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Oakland 3rd in nation for youth firearm murder

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Four years ago, Oakland preteens and teens were statistically more likely to die in a firearm homicide than kids in nearly all other major U.S. cities.

On Friday, the Centers for Disease Control and Prevention released a report on firearm deaths in metropolitan areas [PDF] in 2006 and 2007, the most recent data available. Only New Orleans and St. Louis had higher rates of 10- to 19-year-olds killed by gunfire during those years.

Oakland's overall homicide numbers have dropped in recent years, though it is unknown how this has changed the city's rate of youth firearm homicides.

Here are the raw numbers* for the five highest annual rates of preteen and teen firearm murder in 2006 and 2007:

City

Firearm homicides

Rate (per 100,000 10- to 19-year-olds)

New Orleans

59

106

St. Louis

46

50.2

Oakland

42

47.7

Newark, NJ

38

47.4

Baltimore

80

45.8

Oakland was in the midst of a surge in homicides during the two years captured in this report. The East Bay city’s murder count was 28 percent lower in 2009 (104 homicides [PDF]) than it was in 2006 (145).

The CDC report detailed firearm violence for the whole populations of the metro areas, breaking out homicide and suicide numbers. However, the researchers spotlighted young victims, who were disproportionately harmed by shootings nationwide.

The youth firearm homicide rate was higher than the overall rate in 88 percent of the cities examined. “For youths aged 10–19 years, firearm homicide was the second leading cause and firearm suicide was the fifth leading cause of injury death nationally,” the report states.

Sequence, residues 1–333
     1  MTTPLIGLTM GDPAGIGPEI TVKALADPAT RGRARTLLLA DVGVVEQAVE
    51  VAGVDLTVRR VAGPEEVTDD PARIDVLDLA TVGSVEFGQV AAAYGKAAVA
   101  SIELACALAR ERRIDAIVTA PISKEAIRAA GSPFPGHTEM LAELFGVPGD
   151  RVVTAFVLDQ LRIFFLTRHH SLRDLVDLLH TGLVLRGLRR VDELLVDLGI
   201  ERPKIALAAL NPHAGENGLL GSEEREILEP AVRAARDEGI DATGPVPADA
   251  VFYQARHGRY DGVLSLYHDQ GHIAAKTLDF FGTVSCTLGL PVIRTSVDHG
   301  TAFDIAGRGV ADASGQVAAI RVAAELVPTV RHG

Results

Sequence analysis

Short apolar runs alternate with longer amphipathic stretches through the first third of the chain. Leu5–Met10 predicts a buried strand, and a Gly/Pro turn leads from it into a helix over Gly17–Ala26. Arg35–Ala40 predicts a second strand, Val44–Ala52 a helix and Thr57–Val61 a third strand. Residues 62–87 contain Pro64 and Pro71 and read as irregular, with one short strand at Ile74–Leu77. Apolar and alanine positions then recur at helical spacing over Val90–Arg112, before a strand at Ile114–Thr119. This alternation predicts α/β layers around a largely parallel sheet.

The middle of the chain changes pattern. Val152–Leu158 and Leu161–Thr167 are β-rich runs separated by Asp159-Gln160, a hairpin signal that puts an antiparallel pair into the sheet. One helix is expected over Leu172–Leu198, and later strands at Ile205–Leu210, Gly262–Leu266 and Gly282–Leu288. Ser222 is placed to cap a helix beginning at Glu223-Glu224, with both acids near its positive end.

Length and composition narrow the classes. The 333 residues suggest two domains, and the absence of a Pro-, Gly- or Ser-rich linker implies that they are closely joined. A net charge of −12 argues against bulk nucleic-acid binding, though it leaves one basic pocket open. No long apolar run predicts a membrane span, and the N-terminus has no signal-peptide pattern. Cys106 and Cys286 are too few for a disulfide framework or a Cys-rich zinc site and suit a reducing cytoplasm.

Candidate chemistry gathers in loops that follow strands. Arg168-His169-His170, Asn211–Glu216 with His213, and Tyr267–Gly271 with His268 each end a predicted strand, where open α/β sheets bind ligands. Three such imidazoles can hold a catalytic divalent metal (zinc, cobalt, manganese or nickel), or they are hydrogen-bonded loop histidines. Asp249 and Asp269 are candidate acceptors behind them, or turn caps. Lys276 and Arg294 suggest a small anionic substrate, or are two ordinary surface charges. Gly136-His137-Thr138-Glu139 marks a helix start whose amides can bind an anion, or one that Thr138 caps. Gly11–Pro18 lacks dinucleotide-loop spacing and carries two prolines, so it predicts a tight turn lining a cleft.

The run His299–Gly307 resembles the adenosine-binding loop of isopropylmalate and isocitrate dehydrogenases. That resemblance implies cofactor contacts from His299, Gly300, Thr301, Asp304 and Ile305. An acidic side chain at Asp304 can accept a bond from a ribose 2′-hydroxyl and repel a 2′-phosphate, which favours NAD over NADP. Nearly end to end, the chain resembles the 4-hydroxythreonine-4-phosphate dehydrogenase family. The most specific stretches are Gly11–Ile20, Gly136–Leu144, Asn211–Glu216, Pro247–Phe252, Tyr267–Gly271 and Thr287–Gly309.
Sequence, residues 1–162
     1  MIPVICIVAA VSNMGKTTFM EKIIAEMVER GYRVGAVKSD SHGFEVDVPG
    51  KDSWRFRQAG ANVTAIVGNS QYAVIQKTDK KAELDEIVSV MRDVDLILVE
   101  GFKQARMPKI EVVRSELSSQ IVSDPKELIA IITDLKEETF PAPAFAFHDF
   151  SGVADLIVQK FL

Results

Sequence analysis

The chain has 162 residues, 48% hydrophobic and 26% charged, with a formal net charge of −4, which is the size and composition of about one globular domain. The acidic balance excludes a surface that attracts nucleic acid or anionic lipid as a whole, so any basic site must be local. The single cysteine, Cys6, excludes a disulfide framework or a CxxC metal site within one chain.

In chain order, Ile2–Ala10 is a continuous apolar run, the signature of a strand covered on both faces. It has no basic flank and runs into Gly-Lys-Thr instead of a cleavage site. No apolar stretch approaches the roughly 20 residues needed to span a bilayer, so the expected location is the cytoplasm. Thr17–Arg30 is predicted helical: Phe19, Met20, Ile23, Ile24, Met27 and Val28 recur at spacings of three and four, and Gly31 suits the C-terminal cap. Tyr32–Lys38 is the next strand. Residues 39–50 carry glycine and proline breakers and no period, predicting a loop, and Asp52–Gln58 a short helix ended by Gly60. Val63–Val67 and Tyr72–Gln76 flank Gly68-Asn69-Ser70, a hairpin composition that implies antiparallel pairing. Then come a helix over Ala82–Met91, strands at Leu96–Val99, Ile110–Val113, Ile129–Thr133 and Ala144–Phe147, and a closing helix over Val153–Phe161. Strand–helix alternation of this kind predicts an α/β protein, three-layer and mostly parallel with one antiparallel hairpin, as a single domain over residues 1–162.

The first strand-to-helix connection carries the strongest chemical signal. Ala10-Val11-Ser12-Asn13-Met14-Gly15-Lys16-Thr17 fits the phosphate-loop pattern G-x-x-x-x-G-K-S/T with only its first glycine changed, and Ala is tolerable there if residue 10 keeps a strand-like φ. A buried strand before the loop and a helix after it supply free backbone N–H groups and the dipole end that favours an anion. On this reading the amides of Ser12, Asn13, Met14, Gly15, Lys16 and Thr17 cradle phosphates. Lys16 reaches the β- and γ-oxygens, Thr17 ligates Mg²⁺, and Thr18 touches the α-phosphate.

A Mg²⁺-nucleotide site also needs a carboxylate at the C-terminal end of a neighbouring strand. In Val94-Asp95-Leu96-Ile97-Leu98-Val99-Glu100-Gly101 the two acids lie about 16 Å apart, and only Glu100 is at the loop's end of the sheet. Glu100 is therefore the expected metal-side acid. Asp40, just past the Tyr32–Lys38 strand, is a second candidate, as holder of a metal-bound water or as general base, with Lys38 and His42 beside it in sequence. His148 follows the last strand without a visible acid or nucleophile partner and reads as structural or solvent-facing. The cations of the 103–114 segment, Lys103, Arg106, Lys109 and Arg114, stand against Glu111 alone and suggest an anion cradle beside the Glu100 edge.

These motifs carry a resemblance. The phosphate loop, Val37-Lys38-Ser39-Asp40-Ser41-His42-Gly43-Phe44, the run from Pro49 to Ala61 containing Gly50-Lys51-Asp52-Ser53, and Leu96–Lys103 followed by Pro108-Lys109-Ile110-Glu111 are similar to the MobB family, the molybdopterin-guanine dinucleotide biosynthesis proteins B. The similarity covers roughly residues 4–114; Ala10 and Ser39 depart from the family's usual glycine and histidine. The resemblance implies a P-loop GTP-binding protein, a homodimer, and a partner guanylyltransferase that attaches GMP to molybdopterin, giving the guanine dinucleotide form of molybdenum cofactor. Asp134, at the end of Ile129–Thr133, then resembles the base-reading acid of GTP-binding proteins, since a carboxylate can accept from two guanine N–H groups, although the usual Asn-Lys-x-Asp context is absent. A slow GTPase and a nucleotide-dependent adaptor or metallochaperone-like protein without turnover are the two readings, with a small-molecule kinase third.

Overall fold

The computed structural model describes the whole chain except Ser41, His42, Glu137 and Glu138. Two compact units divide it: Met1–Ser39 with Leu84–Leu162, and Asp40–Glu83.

That disparity was true across California, though no other Golden State city had rates comparable to Oakland.

Teen and preteens in Sacramento had a firearm homicide rate of 20.6 per 100,000; the rate for the capitol city’s entire population was 11.1. Similarly, in Los Angeles, the rate for youths was 17.3, and 9.2 for all.

Several California cities (including San Diego and San Francisco) had fewer than 20 youth firearm murders in 2006 and 2007, too few for the CDC to generate a meaningful rate.

These numbers document the toll of gun violence on children. However, such data points offer few conclusions beyond pinpointing where the problem is most grave. Violent crime typically defies simple explanation, as the National Academies explained in a 2004 review:

Explaining a violent death is a difficult business. Personal temperament, mental health, the availability of weapons, human motivation, law enforcement policies, and accidental circumstances all play a role in leading one person but not another to inflict serious violence. Furthermore, the impact that a gun has on a situation depends critically on the nature of the interaction taking place.

*Source: CDC, with data from the National Vital Statistics System and the U.S. Census Bureau.

 

Filed under: Public Safety, Daily Report

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